Kerala's seafood sector stares at Rs 1,500-crore loss as exports come to a halt

It is the acute shortage of refrigerated (reefer) containers used for export of marine products that has left the industry struggling.
For representational purposes
For representational purposes

KOCHI: Struggling to recover from the slump in global marine products market triggered by Covid-19, the seafood export sector in Kerala has suffered another setback as the blockade at Colombo Transshipment Port is indefinitely delaying shipments.

It is the acute shortage of refrigerated (reefer) containers used for export of marine products that has left the industry struggling.

As mother ships cannot dock at Kochi port due to inadequate draft, exporters here depend on Colombo port for transshipment of containers. However, the vessels that left for Colombo weeks ago could not dock due to huge backlog.

“Containers have piled up at Colombo port and there is no assurance on when the backlog will be cleared. The vessels had to wait in the outer sea for weeks together and some of the ships have been diverted to other ports. The blockade at Colombo has led to congestion at Singapore and Malaysia ports also,” said Seafood Exporters Association of India Kerala region president Alex K Ninan.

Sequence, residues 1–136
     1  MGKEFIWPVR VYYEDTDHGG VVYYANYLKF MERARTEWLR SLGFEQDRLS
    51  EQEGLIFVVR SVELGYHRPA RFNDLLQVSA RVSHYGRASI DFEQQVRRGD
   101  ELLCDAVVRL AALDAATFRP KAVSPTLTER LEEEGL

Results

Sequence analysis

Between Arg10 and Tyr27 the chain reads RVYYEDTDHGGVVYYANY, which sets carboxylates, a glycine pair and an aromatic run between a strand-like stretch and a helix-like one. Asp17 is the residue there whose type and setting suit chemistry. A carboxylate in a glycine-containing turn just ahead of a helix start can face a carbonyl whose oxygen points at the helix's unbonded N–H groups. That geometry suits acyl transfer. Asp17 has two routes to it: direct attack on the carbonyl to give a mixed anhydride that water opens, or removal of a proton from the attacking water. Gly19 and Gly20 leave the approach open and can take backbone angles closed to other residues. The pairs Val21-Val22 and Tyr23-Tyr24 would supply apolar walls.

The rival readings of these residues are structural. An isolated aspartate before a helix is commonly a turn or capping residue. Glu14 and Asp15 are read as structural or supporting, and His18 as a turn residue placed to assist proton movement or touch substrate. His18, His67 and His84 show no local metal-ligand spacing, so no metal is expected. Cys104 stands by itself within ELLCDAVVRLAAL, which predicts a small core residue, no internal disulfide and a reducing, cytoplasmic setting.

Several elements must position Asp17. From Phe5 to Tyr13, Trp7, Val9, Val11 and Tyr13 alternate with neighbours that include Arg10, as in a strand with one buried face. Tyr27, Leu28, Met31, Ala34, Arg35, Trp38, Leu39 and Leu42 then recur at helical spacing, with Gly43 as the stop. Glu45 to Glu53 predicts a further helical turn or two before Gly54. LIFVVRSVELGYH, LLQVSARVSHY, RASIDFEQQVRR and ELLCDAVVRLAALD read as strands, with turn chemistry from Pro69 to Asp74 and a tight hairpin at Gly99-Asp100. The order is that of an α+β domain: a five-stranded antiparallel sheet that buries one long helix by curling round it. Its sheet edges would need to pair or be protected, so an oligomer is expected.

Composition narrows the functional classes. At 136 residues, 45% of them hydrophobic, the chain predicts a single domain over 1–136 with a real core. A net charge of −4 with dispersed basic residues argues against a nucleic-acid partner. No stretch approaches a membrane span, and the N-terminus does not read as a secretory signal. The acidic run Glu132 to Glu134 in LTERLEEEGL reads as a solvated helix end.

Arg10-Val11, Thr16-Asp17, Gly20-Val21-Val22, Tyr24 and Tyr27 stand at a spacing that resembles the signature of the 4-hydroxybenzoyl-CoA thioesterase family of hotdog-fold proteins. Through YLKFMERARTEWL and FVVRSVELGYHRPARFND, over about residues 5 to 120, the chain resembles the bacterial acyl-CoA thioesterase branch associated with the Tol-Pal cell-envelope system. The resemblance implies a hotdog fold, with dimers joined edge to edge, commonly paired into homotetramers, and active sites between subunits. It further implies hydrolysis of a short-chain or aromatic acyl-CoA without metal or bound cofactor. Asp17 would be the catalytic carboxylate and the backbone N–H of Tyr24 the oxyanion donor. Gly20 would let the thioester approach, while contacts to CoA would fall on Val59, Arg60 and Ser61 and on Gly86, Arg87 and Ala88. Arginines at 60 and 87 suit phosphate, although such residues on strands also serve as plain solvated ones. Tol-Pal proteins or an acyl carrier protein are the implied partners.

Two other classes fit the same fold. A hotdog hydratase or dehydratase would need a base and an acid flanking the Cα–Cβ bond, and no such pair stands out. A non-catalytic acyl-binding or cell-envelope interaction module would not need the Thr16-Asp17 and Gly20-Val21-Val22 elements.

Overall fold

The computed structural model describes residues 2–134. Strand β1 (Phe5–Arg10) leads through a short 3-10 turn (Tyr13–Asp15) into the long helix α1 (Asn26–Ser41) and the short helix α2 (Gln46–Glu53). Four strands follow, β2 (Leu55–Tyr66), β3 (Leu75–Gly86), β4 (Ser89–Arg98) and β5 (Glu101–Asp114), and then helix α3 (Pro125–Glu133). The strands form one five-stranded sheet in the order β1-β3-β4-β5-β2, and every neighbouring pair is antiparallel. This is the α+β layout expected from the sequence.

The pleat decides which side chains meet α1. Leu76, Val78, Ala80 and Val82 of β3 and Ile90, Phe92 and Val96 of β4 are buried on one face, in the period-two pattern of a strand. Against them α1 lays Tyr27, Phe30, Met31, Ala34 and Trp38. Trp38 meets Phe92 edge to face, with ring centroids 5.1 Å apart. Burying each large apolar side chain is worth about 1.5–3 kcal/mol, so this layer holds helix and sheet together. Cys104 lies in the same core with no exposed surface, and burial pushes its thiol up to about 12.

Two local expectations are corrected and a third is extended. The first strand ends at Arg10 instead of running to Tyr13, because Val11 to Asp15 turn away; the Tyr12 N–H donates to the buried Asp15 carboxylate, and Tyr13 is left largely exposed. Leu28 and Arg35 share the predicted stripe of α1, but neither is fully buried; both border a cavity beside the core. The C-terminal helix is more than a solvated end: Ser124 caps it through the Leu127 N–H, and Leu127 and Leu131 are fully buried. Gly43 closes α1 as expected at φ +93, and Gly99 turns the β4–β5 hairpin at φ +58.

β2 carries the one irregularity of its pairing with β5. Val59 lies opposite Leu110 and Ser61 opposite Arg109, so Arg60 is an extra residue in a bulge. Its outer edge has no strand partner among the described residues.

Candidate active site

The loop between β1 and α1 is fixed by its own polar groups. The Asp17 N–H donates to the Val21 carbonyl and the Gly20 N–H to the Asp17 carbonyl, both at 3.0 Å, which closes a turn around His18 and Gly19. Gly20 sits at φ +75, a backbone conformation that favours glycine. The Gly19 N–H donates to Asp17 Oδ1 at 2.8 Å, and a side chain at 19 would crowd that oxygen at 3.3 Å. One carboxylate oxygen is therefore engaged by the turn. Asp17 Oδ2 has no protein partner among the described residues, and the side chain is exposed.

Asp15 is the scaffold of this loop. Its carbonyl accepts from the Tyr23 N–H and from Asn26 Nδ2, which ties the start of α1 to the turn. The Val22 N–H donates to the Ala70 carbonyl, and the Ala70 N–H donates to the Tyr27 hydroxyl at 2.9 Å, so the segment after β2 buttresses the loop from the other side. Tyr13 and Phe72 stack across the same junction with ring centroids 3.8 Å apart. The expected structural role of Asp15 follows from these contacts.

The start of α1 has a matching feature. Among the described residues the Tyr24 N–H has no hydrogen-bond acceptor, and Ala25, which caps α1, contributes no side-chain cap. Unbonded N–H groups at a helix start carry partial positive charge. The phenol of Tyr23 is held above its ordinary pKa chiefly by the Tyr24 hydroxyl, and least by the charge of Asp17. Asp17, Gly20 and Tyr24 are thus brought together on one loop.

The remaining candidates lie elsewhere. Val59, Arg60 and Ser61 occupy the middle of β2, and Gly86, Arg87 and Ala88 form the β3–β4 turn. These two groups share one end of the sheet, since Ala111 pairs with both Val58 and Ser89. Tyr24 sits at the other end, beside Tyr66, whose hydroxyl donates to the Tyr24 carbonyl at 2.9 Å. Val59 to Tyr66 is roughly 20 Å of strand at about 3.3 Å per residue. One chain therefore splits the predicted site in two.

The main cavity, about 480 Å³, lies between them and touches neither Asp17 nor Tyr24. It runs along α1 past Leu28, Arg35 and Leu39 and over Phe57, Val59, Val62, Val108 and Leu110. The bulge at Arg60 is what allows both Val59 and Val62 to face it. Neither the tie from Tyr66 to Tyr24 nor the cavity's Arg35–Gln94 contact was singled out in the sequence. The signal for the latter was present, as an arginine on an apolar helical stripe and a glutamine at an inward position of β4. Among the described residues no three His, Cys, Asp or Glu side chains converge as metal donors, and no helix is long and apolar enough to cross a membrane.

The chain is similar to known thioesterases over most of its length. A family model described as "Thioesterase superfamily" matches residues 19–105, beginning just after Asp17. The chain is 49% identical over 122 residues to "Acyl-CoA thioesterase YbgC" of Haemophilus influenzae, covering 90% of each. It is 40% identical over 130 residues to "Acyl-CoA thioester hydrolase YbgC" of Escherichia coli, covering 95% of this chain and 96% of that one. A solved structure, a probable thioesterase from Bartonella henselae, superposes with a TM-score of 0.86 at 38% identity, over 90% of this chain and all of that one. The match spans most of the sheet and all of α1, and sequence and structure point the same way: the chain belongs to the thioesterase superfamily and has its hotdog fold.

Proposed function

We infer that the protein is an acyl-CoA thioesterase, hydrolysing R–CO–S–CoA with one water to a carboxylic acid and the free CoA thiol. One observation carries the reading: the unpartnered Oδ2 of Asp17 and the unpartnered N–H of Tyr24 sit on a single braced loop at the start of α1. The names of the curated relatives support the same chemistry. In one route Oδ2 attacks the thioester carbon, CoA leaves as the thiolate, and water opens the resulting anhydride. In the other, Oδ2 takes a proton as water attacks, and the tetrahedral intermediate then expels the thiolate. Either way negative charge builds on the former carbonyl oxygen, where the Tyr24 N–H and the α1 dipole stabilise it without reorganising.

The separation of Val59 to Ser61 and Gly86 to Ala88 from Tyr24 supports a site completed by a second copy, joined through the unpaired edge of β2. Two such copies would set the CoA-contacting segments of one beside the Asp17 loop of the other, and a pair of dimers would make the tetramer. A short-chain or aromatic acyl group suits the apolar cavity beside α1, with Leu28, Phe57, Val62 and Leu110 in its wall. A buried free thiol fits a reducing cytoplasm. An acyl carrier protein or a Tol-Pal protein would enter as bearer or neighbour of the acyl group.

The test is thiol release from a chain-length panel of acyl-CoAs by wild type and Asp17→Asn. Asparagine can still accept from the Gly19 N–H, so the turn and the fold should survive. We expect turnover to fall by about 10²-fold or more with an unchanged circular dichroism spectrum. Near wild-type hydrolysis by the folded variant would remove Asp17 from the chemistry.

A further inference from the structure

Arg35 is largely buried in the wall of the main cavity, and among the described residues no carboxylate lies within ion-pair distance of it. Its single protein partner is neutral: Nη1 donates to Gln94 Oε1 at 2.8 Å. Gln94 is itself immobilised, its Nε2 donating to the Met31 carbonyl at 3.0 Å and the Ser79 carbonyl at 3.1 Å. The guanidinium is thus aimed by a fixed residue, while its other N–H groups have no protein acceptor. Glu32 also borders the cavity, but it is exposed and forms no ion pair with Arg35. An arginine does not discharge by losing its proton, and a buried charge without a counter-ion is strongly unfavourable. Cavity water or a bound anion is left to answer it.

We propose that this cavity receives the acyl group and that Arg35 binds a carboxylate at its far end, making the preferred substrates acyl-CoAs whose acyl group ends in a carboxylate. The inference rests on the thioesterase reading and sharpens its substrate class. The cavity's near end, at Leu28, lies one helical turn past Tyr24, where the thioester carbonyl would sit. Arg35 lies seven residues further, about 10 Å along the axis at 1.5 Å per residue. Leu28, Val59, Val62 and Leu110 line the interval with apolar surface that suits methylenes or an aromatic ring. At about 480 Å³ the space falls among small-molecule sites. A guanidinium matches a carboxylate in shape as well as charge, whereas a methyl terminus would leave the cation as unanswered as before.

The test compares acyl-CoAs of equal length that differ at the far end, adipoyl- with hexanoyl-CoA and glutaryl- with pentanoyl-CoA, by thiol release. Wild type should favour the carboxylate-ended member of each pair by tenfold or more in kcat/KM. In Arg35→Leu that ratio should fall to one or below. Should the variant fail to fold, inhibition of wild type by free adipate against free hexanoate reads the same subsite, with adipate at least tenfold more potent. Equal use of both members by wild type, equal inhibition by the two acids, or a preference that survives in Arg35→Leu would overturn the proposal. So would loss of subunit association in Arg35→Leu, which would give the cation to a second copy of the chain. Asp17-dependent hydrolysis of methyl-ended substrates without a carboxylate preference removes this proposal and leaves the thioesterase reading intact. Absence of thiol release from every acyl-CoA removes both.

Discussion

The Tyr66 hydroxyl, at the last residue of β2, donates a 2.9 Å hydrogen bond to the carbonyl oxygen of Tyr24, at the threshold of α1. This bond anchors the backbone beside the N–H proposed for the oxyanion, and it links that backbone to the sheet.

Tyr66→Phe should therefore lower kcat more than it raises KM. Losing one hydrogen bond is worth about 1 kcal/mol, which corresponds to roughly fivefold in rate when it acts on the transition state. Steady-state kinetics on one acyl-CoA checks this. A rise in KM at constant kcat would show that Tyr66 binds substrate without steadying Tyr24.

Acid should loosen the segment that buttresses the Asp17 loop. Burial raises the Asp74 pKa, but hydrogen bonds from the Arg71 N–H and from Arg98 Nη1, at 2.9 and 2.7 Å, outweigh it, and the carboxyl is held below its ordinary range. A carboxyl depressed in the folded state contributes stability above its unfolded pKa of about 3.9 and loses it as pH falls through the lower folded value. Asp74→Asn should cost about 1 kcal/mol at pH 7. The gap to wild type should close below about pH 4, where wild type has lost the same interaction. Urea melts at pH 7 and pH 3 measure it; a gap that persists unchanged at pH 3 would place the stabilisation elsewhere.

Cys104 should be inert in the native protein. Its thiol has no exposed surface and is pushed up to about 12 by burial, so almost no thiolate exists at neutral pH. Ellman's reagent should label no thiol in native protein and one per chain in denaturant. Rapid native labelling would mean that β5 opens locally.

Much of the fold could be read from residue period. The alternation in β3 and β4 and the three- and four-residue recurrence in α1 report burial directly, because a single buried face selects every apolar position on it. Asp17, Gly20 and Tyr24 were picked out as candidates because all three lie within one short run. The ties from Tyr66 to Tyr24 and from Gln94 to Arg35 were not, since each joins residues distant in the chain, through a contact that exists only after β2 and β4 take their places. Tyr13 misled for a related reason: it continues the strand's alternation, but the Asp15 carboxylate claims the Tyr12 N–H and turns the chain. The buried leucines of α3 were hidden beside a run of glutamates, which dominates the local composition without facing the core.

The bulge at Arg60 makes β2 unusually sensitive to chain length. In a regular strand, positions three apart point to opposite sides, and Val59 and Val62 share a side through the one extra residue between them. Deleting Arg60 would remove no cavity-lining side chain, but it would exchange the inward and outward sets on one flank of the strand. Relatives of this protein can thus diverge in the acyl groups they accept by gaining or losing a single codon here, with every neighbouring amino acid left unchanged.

He said the Christmas and New Year season brings about 30% of revenue for the state’s marine export sector.

The increased demand during the season brings exports to the tune of `1,500 crore and seafood firms in Kochi had received some orders first time after the Covid crisis. Meanwhile, the storage facility at seafood processing units in Kochi has reached maximum capacity and the processing units are planning to stop procurement.

“There are around 50 processing units in Kochi and the combined storage facility is 30,000 tonnes. The units are planning to stop procurement which will land the fishing sector in crisis. Besides, we are unable to make payments due to the delay,” he said.

The crisis started in October with some crane operators at the Colombo port testing Covid positive. As the authorities were struggling to restore operations, the workers at the port launched a strike which deepened the crisis.

Though the Sri lankan government brought port under essential services, the huge backlog has delayed shipment schedules indefinitely leading to the cancellation of export orders. Meanwhile, Cochin Port held a meeting on Tuesday to explore chances for an alternative to end the stalemate.

Representatives of seafood exporters association, shipping line operators and DP World attended the meeting.

“There is an acute shortage of reefer containers as those shipped are not coming back. There is some concentration of containers in Chinese ports as they have recalled the freight carriers. So we are trying to arrange reefer containers with the help of shipping line operators.

"We have asked the exporters to quantify the requirements in each sector and to ship consignments through alternative routes,” said Cochin Port Trust chairperson M Beena.

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